Holiday Dog Hazards: How to Keep Your Dog Safe

keep your dog safe - jack russel terrier looking up at christmas treeHoliday decorating is a yuletide tradition, and with good reason! Unboxing the figurines, breaking out the garland, and hanging the ornaments is a fun family activity. Decorating and planning all the merriment brings families closer as they start feeling the Christmas cheer. But, it’s important to keep your dog safe during this time.

When you have furry family members, it can be a tricky time. You never know what they might chew, tackle, or eat. To help everyone enjoy the holidays, here are some basic tips on how to keep your dog safe during the holidays:

1. Hang Plants High

Playful pooches can get into anything, especially if it’s low enough to the ground. When picking up decorative plants for the holidays, remember that some can be dangerous for your dog.

For example, Phoradendron flavescens – better known as Mistletoe – is toxic to your dog! Sneaking a kiss under the Mistletoe may be common during the holidays and a hit with your guests, but even one or two berries from this plant can be fatal to dogs of any age.

Although it is customary to hang mistletoe up high and out of reach, pups are vulnerable in the moments right before hanging it and just after taking it down. To be safe, it may be better to go with an artificial or plastic version of this common holiday decoration.

Some other examples of classic, but toxic, holiday plants for dogs include Poinsettias, Holly, and Fir trees. That’s right – the main event itself, the Christmas tree, is toxic to dogs. To keep pups safe over the holidays, consider opting for an alternate species of tree or going with an artificial version of these holiday plants.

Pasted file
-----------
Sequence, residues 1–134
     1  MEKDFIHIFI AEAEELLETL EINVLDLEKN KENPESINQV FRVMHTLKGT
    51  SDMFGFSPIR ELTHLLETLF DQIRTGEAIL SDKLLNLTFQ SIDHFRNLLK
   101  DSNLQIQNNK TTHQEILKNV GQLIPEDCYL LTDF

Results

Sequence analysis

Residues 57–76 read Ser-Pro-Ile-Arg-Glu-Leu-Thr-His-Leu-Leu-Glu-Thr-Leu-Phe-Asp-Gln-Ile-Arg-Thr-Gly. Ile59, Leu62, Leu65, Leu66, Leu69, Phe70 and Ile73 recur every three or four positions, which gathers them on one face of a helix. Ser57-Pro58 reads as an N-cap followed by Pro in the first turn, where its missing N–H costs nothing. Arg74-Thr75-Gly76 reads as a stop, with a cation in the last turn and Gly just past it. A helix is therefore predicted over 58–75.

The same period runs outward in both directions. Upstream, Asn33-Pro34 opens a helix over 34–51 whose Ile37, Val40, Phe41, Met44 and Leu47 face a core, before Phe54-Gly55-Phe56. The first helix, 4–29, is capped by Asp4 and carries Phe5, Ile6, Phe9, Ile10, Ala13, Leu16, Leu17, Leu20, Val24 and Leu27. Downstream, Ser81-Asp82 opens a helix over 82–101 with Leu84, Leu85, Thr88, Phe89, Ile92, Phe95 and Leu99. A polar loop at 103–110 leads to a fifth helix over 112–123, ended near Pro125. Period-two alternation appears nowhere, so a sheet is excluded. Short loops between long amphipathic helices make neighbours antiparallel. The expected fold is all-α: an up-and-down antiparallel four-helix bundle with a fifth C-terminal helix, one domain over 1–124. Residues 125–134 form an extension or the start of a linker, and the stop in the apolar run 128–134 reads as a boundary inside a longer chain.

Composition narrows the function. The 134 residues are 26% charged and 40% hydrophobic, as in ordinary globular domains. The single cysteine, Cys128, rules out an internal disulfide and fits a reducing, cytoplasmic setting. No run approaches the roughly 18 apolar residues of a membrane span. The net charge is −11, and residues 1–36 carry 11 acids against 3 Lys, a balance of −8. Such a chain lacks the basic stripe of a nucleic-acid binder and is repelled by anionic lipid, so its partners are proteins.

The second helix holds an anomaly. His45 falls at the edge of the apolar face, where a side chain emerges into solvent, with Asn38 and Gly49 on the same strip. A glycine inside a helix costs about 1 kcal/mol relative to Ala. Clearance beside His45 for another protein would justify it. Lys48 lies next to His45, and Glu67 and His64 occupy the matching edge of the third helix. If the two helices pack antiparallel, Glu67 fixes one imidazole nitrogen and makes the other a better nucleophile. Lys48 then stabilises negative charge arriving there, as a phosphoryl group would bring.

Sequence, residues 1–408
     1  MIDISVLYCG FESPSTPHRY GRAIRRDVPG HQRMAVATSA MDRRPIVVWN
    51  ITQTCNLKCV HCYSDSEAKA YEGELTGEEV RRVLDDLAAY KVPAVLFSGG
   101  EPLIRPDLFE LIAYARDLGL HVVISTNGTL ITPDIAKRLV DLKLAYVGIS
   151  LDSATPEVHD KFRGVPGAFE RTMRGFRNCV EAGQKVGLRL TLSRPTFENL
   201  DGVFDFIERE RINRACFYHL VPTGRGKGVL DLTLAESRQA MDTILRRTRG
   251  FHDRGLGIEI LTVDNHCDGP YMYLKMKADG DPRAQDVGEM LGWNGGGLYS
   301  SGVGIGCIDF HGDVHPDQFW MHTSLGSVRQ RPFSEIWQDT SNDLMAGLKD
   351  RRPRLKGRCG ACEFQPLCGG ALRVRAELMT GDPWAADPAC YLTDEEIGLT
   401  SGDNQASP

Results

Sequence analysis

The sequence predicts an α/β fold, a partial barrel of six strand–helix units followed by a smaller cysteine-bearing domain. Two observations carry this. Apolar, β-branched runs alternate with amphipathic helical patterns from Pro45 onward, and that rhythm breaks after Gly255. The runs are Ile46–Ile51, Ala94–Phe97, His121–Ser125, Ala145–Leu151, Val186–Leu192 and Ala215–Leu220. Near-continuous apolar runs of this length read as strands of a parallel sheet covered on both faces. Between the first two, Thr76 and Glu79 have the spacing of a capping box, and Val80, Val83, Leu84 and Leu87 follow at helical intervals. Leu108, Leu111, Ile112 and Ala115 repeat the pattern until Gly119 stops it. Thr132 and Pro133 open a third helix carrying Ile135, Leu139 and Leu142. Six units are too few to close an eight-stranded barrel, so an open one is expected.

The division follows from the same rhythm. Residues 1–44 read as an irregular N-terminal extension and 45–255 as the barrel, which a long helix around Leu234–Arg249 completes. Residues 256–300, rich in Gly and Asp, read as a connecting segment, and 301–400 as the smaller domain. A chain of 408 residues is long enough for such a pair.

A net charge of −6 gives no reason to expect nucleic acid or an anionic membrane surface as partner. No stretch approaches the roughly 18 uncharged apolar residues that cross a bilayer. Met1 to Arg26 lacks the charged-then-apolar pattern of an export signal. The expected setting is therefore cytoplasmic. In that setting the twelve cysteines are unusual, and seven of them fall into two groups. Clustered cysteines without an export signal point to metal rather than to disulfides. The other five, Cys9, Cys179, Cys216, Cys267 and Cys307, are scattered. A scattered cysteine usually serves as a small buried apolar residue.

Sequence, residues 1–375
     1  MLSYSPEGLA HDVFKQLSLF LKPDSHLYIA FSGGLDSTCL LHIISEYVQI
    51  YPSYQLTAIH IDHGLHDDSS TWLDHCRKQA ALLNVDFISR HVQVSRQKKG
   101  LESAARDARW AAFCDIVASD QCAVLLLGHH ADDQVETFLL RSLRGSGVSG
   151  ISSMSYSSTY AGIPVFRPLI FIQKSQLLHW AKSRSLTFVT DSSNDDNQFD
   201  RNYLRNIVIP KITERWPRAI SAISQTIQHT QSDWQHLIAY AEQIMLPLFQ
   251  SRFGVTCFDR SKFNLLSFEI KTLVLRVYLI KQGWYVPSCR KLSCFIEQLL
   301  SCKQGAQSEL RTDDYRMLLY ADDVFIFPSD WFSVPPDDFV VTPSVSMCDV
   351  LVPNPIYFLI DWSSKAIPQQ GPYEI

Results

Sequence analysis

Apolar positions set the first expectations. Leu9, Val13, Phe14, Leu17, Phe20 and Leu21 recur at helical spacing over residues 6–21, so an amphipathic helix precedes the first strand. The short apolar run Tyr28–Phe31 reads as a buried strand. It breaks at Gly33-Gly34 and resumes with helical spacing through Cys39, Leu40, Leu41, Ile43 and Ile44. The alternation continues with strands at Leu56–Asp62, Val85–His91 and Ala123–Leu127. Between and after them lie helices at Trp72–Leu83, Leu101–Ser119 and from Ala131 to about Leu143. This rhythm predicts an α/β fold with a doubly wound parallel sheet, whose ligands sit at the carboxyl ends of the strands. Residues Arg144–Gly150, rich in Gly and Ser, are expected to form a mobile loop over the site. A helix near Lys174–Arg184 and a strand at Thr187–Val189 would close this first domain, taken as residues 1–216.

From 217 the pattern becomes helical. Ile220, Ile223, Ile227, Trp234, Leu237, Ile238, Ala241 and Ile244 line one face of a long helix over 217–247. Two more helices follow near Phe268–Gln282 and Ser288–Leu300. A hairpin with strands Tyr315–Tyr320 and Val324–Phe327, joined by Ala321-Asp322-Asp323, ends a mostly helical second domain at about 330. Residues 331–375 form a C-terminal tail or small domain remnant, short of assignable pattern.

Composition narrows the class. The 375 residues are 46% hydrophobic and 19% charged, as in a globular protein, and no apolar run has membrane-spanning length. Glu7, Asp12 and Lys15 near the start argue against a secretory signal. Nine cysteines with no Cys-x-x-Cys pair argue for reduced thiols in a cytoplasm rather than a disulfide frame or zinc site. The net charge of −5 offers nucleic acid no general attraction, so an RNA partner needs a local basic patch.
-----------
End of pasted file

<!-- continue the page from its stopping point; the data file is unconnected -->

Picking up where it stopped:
2. Protect the Base of Your Christmas Tree

If you do decide to go with a live tree, there is more to worry about than whether the tree is Fir. You also need to protect the base of your Christmas tree. Your Christmas tree will usually be fine with just water in the base. If you’re using plain water, your dog will be fine.

However, many people use a preserving solution and mix it into the water in the base of the tree. Although it does a great job of keeping your tree pretty and vividly green, the mixture can harm your dog if it is ingested. If you’re using anything other than plain water for your tree, make sure the base is covered and protected so your dog cannot get to it.

3. Avoid Breakable Eatables

Shiny tinsel, novelty chain lights, and delicate ornaments are staples for holiday decorations in many homes. To help keep your pup safe, it’s best to avoid these if possible. Or, at the very least, put them out of reach.

These three decorations are some of the most likely to catch a dog’s eye, and worse yet, a dog’s mouth. Dogs go for tinsel because it’s light and shiny. It seems like the perfect plaything, but can easily cause intestinal duress when ingested. When dogs nibble on chain lights and glass ornaments, they may shatter. Bits and pieces of plastic and glass can wreak havoc on a dog’s system.

To keep pups safe, you can train them to ignore these decorations or place them out of reach. Then, be on the lookout for any digestion issues! Alternatively, you can avoid the decorations altogether.

4. Be Cautious of Lit Candles And Open Flames